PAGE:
California Voters Might Weigh In On Condom In Porn Debate Next Fall

The debate over condom use in porn has reared its head yet again. According to The Washington Post, California Secretary of State Alex Padilla said that California voters will likely be presented with a ballot measure on the subject next November. Michael Weinstein, president of the AIDS Healthcare Foundation, has been pushing such an initiative, saying, "The No. 1 way that young people learn about sex in this day and age is pornography on the Internet...They're transmitting actual diseases, and the audience knows it."

Although sexually transmitted diseases are an undeniable threat to the health of all Americans, blaming porn for an increase in STDs is like blaming The Fast and The Furious for traffic accidents. Sexual education is a scientifically proven key to decreasing infection rates — not restricting what you can and can't watch two strangers do to each other on the internet. At the same time, regulations that keep performers safe are imperative (and there have been HIV outbreaks in recent years), but this current push has been viewed by some in the industry as punitive towards porn actors themselves, particularly because one stipulation of the proposed legislation allows any state resident the ability to sue over violations of the condom mandate.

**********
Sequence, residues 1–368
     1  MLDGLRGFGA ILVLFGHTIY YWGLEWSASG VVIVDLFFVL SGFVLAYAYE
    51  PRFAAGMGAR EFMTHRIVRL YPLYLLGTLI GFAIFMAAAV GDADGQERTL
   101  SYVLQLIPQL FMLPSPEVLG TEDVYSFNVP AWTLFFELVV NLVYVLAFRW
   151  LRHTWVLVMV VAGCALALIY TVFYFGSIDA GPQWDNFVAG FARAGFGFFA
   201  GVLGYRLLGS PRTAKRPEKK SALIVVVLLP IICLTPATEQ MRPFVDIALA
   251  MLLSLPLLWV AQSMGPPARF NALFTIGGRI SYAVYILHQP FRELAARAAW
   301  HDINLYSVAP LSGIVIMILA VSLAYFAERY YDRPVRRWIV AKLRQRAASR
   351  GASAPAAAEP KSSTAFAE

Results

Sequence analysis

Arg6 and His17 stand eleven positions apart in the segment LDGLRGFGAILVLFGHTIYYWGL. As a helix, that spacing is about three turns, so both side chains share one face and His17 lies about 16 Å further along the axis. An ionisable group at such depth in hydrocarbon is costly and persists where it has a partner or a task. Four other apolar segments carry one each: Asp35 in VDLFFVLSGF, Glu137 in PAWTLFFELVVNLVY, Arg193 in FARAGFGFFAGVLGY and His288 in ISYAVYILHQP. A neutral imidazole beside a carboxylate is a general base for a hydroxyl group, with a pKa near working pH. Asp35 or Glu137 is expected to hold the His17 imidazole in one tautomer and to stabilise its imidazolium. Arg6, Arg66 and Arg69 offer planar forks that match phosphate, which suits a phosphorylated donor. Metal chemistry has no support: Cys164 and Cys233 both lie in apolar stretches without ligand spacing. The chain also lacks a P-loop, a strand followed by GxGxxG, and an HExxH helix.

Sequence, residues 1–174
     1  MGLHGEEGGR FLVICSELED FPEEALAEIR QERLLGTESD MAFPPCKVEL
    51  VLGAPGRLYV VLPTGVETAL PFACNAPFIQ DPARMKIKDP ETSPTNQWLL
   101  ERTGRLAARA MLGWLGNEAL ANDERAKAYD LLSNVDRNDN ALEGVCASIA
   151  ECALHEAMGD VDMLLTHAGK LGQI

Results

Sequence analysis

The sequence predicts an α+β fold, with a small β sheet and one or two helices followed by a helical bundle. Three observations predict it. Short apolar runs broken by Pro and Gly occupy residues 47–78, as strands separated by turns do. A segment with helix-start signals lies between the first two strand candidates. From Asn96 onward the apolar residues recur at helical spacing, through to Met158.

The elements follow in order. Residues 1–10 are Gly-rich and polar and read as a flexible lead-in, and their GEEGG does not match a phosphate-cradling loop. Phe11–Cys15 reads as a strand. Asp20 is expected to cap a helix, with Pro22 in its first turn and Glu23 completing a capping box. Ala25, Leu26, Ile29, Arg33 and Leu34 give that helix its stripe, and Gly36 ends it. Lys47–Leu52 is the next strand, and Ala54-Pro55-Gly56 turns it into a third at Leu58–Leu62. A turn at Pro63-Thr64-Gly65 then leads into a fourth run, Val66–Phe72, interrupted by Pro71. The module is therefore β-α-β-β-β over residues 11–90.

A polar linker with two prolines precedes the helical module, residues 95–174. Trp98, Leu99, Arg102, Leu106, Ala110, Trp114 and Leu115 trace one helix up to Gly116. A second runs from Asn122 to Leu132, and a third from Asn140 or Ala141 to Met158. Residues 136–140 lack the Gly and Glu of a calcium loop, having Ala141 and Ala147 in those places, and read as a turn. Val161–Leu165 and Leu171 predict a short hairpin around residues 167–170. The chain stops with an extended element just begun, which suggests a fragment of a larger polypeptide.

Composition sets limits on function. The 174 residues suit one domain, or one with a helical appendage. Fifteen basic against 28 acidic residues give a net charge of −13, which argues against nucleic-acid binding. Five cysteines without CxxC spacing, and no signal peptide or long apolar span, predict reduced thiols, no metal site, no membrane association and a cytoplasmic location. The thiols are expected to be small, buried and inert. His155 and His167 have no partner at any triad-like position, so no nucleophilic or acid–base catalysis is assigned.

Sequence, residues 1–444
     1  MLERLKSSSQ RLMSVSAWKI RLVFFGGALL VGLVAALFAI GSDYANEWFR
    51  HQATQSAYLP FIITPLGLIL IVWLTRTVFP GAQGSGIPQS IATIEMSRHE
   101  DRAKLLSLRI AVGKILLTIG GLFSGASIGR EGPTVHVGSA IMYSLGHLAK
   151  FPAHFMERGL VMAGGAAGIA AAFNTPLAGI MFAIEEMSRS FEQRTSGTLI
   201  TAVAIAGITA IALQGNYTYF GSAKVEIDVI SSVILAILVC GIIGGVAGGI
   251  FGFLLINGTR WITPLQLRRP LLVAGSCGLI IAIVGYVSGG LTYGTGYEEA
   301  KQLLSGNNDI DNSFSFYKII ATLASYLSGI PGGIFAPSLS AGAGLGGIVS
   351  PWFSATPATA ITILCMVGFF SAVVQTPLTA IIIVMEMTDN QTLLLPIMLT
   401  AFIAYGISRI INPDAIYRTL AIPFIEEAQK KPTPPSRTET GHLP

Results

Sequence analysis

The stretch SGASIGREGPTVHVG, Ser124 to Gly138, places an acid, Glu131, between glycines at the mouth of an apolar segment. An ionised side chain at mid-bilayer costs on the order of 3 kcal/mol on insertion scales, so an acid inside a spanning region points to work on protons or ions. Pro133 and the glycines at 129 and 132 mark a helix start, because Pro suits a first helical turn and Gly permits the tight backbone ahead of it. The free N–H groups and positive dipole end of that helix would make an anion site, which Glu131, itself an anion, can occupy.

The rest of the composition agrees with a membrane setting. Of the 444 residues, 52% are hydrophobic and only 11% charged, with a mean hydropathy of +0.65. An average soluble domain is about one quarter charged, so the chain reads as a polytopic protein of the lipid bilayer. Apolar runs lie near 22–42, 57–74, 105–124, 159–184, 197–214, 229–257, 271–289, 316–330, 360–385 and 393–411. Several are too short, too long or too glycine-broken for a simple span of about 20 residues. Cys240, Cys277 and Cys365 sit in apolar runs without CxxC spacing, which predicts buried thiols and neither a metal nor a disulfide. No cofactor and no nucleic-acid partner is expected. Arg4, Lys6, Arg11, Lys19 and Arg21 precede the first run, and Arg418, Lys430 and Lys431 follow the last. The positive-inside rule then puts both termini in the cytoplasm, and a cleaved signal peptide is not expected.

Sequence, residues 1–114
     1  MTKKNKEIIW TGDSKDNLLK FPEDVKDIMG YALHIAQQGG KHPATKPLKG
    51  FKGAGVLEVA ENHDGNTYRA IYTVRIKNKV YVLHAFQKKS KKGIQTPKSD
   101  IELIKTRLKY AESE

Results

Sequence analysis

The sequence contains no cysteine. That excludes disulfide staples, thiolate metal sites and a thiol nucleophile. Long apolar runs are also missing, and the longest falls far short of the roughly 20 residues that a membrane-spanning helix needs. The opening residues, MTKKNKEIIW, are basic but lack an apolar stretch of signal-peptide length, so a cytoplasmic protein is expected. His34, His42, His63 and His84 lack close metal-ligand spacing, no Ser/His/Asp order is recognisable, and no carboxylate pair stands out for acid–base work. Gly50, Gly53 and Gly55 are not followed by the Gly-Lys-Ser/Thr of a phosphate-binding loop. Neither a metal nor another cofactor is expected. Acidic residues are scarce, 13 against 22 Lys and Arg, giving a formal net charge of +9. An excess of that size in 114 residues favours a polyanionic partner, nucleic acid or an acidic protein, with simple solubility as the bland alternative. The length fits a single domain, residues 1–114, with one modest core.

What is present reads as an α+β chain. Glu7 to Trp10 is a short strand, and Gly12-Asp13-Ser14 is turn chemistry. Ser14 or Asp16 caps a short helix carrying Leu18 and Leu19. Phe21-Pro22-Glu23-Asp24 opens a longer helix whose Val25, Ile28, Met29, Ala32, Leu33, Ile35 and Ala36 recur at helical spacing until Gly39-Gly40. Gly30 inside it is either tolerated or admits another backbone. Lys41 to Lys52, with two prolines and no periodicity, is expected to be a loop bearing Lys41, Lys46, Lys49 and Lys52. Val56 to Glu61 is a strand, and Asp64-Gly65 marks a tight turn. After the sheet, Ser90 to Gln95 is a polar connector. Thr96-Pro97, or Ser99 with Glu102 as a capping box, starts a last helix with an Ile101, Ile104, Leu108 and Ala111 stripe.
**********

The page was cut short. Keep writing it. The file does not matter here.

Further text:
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All that said, those whose voices need to be heard most in this debate are actual porn actors. While we can theorize for days about what porn does or doesn't influence young people to do or not do, these folks are the ones putting their bodies on the line every day to create the fantasies that we consume. Porn actor and sex work activist Conor Habib has spoken publicly about condom use in porn, saying that although he always uses condoms on set, it should be up to the individual performer and not required by law. Business Insider reported that Stoya finds condoms make her job more painful. She unequivocally stated: "It’s my body. I decide what goes in and on it." James Deen is also against regulation, saying that he has yet to contract any STDs in his line of work, and "the idea of someone accusing my industry of needing further regulation is very insulting."

Although there are a few porn actors who are in favor of the suggested law, most find it violates their freedom of expression and their right to bodily autonomy, and, at the very least, it's time legislators took their perspectives into account.

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